8
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I just want to make sure there aren't any deadlocks or inconsistencies (the code is also available on github).

Disclaimer - In real life, I would not implement a queue myself, but use an existing implementation. This is just preparations for job interviews.

package org.basic.concurrent;

import java.util.ArrayList;
import java.util.List;

public class SynchedQueue<T> {
    private final Object lock = new Object();
    private final Object full = new Object();
    private final Object free = new Object();

    private final List<T> buffer;
    private int head;
    private int tail;
    private int size;
    private final int capacity;

    public SynchedQueue(int capacity) {
        // http://stackoverflow.com/questions/4912088/how-to-create-a-fixed-size-generic-buffer-in-java
        buffer = new ArrayList<T>(capacity);
        for (int i = 0; i < capacity; ++i)
            buffer.add(null);
        this.capacity = capacity;
    }

    public void enqueue(T x) {
        if (x == null)
            throw new RuntimeException("Doesn't allow storing nulls");

        synchronized (lock) {
            while (!tryEnqueue(x)) {
                try {
                    free.wait();
                } catch (InterruptedException ignored) {
                }
            }
            full.notify();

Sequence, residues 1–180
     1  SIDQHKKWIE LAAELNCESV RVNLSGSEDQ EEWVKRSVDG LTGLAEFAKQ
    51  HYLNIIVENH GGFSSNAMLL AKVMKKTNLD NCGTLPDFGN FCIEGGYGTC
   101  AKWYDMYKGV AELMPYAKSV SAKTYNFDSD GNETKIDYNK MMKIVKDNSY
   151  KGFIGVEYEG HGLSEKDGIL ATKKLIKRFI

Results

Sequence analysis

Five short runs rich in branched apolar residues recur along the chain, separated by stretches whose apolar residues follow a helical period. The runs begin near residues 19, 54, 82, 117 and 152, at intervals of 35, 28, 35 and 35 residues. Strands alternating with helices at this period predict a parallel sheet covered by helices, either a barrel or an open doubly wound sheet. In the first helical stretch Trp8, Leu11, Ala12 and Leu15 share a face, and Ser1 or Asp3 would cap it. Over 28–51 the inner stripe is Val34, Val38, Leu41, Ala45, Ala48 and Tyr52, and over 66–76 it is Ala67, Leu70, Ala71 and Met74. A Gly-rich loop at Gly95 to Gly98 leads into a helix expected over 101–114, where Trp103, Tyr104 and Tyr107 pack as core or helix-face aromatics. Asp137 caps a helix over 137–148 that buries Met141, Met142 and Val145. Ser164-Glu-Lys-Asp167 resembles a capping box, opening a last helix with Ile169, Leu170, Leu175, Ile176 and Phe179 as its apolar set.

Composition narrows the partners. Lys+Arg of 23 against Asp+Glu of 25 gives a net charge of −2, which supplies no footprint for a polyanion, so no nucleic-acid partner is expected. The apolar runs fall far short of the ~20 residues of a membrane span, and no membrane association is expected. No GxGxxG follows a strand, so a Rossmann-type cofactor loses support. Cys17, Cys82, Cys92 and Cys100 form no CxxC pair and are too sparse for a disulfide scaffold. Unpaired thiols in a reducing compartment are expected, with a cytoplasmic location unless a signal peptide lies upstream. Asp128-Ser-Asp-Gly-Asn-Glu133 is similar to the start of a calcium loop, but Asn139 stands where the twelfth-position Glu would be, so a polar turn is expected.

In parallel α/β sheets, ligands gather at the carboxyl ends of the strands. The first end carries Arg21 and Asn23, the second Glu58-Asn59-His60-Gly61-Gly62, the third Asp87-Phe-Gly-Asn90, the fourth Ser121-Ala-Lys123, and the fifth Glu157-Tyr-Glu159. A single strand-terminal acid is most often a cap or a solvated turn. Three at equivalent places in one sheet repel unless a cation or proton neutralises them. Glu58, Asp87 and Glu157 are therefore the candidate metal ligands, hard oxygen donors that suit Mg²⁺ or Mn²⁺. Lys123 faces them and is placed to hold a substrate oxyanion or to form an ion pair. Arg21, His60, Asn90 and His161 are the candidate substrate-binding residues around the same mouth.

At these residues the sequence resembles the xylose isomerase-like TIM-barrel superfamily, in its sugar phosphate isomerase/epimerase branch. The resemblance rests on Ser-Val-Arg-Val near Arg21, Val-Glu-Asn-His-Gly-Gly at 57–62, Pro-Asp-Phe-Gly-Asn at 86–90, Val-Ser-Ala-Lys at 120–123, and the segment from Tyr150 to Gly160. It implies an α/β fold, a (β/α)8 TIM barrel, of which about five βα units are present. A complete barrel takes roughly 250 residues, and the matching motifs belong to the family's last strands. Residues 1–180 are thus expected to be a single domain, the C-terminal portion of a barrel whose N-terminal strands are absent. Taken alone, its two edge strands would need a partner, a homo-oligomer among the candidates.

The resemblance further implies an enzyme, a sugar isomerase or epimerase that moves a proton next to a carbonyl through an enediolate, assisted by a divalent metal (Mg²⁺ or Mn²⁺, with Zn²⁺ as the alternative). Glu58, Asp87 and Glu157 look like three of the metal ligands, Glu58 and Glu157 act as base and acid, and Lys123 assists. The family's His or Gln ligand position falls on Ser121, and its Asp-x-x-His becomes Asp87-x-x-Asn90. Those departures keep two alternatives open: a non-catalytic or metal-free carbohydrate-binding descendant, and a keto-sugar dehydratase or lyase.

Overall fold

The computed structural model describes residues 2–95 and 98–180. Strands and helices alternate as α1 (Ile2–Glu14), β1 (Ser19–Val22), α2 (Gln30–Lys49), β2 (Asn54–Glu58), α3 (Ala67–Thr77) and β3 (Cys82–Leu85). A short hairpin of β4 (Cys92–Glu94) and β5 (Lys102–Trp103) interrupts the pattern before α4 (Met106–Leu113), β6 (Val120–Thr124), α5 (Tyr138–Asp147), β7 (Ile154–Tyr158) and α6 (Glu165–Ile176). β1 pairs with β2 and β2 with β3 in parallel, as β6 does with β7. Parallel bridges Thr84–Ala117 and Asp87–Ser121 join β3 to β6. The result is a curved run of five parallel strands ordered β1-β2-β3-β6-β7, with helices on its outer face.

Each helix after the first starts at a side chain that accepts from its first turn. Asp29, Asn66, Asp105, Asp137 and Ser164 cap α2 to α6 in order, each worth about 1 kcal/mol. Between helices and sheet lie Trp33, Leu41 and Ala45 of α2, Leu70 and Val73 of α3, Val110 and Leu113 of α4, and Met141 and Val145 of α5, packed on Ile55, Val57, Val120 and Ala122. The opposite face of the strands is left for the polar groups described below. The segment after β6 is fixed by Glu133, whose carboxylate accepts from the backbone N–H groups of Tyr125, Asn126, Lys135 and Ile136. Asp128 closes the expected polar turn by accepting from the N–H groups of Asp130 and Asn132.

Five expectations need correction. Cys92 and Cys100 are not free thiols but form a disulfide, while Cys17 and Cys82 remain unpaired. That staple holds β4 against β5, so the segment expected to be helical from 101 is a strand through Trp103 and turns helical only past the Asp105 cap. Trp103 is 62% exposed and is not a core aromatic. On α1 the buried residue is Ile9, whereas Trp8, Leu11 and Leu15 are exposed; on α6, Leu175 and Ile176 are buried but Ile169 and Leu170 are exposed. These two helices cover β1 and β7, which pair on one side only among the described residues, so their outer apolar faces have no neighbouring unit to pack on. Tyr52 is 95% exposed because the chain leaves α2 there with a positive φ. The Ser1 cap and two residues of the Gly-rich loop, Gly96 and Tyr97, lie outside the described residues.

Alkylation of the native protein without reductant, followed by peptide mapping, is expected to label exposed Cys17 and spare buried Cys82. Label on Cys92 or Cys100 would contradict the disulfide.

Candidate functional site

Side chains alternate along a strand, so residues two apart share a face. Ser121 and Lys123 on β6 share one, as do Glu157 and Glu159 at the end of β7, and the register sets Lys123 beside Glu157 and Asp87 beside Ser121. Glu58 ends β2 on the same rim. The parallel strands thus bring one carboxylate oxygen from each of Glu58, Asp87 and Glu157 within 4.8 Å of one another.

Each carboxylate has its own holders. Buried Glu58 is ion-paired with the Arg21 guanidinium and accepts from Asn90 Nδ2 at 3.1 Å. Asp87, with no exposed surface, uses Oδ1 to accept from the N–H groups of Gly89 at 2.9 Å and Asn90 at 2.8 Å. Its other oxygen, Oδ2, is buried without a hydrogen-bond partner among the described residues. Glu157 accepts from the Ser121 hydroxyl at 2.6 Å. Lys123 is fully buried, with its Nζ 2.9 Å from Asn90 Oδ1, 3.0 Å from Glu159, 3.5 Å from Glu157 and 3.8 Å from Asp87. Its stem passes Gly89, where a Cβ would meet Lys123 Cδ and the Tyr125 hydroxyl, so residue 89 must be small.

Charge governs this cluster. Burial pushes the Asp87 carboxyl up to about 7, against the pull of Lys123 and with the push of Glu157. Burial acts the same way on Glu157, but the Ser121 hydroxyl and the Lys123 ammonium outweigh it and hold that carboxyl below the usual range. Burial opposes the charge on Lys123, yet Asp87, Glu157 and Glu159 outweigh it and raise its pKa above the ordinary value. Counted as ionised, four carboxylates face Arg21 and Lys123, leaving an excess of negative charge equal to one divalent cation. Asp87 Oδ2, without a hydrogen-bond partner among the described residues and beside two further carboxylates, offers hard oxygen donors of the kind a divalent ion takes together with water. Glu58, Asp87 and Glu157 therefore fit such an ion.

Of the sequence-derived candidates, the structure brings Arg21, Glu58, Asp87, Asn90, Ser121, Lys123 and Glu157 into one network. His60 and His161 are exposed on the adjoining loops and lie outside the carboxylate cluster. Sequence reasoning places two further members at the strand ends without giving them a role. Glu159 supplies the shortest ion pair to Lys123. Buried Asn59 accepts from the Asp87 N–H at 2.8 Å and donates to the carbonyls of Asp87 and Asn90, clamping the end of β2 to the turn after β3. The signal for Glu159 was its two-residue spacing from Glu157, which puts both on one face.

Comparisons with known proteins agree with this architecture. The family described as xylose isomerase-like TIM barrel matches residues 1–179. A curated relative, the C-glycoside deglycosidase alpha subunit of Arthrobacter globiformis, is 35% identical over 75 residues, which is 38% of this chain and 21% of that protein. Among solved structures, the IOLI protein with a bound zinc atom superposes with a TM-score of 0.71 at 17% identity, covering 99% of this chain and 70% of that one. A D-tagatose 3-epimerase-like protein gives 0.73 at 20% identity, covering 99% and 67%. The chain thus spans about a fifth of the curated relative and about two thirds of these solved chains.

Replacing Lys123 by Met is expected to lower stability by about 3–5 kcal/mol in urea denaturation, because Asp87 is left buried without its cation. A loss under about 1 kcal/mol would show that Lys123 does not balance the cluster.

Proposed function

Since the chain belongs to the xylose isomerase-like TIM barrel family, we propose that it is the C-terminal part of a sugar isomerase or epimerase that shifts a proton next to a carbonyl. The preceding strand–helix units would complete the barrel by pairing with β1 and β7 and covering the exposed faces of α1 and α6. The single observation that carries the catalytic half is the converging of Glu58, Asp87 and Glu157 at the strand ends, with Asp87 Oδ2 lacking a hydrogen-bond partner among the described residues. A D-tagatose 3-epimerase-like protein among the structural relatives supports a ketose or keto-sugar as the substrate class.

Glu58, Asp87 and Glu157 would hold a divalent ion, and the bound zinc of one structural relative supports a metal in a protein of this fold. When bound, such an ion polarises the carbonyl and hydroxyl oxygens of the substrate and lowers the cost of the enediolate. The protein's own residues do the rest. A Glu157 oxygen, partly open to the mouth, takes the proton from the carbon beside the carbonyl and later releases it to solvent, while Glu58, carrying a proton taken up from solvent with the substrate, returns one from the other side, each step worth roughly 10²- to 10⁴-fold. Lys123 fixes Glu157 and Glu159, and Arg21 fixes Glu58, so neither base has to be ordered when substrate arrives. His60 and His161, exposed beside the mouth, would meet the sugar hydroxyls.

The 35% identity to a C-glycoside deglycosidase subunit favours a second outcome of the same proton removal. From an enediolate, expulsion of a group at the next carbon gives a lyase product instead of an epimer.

}
    }

    public T dequeue() {
        synchronized (lock) {
            while (true) {
                T item = tryDequeue();
                if (item != null)
                {
                    free.notify();
                    return item;
                }
                try {
                    full.wait();
                }
                catch (InterruptedException ignored) {}
            }
        }
    }

    private boolean tryEnqueue(T x) {
        assert size <= capacity;
        if (size >= capacity) {
            return false;
        }

        buffer.set(tail, x);
        tail = (tail + 1) % capacity;
        ++size;
        return true;
    }

    private T tryDequeue() {
        assert size >= 0;
        if (size == 0)
            return null;
        T item = buffer.get(head);
        head = (head + 1) % capacity;
        --size;
        return item;
    }
}
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  • \$\begingroup\$ (1) if you are prepping for interviews, consider what tests you could write for this. (2) call trimToSize() on your buffer after you're done adding to it. \$\endgroup\$ – Ron Feb 7 '11 at 6:29
  • 2
    \$\begingroup\$ I don't think your notify and wait calls will work because you haven't synchronized on the free and full objects before calling those methods. \$\endgroup\$ – Ron Feb 7 '11 at 6:38
  • \$\begingroup\$ @Ron, thanks for the second comment, it's invaluable. \$\endgroup\$ – ripper234 Feb 7 '11 at 16:30
4
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I have not coded in Java for a few years so it might be good to get another opinion, though some points did stand out while reading your code.

  • It seems odd to me that you would use an ArrayList with a fixed size, personally I would just use an array for the buffer.

  • when you dequeue, you do not overwrite the value until you enqueue over the top of it. This might not seem like an issue (and if you only queue primative types like int, its not) but if you use reference types and the queue cycles slowly then it means you hold a reference to the object for longer than needed and it cannot be collected.